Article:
Limburg has been very well favoured when it has come to hosting the world championships. Valkenburg has already hosted the world champsionships on four previous occasions, while nearby Heerlen was also a Worlds venue in 1967. On all five of those occasions, the title has been won by proven Classics performers at the end of extremely selective races.
The Dutch town first held the championships in 1938 when 36 riders lined up to compete on a short circuit that included no fewer than 27 ascents of the Cauberg. Italy's Gino Bartali was favourite for the title but the Italian dropped out with most of the other likely contenders well before the finish, which came down to a sprint matching Belgium's Marcel Kint against Swiss riders Paul Egli and Leo Amberg. Despite being outnumbered, three-time Flèche Wallonne winner Kint, known as 'The Black Eagle' thanks to his hooked nose and dark jersey, took the crown. As a result of the outbreak of war he held it for seven years and very nearly defended it in 1946, when he was second.
In 1948, the original 'Lion of Flanders', Briek Schotte, added the Worlds to the Tour of Flanders crown he'd already captured that season. However, post-race talk focused on Italy's Gino Bartali and Fausto Coppi. Both believed they should be leading the azzurri and neither would help the other when Schotte and two other riders went clear.
"All we could do was damage each other," said Coppi. "When we learned the gap was 10 minutes, Bartali got worried: 'We should save our honour. Let's go, Fausto!' But I said, 'I'm going to rest.'" With that, both riders quit. Both were subsequently banned for three months by their federation.
There was controversy again in 1979. Dutchman Jan Raas, five times the winner of Amstel Gold, took the rainbow jersey ahead of Germany's Didi Thurau but Italian leader Giovanni Battaglin was convinced he'd been robbed. "The German worked for the Dutchman," he claimed. "I'm sure that Raas and Thurau owed each other favours from other races."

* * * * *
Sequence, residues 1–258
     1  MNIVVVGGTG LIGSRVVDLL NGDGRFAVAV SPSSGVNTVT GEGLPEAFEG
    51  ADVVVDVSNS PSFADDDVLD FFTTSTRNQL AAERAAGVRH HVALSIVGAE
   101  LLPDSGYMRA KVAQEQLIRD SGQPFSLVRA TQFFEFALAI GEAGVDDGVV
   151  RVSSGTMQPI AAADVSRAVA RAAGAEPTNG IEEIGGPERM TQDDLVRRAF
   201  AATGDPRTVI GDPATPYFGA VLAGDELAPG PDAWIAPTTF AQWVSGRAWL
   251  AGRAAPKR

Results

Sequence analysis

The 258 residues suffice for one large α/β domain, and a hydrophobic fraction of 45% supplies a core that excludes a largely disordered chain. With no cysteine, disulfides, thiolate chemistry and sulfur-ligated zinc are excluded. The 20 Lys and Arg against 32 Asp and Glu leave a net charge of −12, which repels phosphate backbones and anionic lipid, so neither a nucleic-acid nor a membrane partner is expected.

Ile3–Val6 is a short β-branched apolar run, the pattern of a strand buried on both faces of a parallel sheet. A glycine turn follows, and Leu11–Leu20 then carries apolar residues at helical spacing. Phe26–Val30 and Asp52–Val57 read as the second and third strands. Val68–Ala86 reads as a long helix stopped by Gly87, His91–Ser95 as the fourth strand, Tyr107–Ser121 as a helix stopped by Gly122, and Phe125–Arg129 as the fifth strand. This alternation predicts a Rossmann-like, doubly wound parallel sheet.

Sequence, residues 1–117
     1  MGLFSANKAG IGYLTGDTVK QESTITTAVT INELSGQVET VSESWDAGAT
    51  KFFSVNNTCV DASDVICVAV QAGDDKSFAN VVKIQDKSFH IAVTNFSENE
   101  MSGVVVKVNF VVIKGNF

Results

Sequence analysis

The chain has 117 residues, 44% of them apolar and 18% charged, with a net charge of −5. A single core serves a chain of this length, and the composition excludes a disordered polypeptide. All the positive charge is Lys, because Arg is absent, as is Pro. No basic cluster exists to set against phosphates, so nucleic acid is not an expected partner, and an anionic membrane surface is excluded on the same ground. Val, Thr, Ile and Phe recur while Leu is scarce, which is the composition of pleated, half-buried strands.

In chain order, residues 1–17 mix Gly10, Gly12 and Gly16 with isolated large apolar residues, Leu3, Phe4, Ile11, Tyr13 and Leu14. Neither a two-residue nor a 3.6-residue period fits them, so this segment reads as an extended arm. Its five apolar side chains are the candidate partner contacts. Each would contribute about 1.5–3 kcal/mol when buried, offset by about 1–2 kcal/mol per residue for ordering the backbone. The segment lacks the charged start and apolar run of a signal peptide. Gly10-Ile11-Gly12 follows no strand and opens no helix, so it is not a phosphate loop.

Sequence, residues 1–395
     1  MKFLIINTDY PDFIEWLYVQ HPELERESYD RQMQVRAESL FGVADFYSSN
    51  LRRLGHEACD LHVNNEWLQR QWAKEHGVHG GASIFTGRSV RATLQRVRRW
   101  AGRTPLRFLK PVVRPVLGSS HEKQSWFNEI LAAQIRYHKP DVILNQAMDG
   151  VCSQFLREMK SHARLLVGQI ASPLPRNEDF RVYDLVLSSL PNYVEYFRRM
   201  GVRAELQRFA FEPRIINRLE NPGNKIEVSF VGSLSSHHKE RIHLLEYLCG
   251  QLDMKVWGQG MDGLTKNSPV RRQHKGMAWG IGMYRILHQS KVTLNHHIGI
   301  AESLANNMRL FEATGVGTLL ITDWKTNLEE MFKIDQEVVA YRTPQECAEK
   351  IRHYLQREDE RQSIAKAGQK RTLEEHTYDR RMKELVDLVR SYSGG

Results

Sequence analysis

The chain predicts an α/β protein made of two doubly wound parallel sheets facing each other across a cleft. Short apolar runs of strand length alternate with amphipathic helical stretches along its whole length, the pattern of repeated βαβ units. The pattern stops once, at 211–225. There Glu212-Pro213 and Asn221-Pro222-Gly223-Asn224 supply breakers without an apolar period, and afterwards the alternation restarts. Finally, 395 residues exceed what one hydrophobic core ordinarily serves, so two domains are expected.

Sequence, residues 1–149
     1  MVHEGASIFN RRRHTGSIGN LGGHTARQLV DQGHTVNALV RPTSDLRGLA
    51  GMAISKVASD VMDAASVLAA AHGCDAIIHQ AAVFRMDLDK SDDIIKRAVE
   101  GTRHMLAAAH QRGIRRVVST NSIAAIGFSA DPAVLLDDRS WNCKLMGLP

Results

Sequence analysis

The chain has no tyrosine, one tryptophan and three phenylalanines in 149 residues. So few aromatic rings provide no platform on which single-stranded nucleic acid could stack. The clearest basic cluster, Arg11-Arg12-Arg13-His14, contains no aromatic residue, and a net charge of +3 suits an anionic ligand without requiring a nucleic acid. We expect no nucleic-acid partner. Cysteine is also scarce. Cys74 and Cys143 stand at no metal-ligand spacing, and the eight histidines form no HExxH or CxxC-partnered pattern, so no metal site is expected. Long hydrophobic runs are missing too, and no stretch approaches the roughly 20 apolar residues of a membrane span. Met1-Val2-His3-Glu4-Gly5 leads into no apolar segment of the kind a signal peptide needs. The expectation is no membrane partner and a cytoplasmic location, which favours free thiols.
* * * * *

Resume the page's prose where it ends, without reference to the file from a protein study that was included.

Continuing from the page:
Coming into the finish, Battaglin launched the sprint but crashed when Raas's pedal went into his rear wheel. The Italians protested but in vain. Other teams were also unimpressed. The Spanish coach, Ramón Mendiburu, also criticised the Dutch team, complaining: "Raas and Knetemann were hanging on to their team car every time they went up the Cauberg but the commissaires turned a blind eye to it."
In 1998, splits in the Italian camp once again worked in favour of their rivals. Michele Bartoli was most people's tip but coming towards the finish Switzerland had two riders in the lead break. When Oscar Camenzind skipped clear with 11km remaining, his rivals looked at each other to chase, then lost further momentum when Dutch hero Michael Boogerd crashed.
Bartoli eventually took up the chase with Peter Van Petegem but Camenzind held on. Van Petegem beat Bartoli to second, while Lance Armstrong, regaining his form after beating cancer, was fourth, as he had been in the time trial won by Spain's Abraham Olano.
Peter Cossins has written about professional cycling since 1993 and is a contributing editor to Procycling. He is the author of The Monuments: The Grit and the Glory of Cycling's Greatest One-Day Races (Bloomsbury, March 2014) and has translated Christophe Bassons' autobiography, A Clean Break (Bloomsbury, July 2014).
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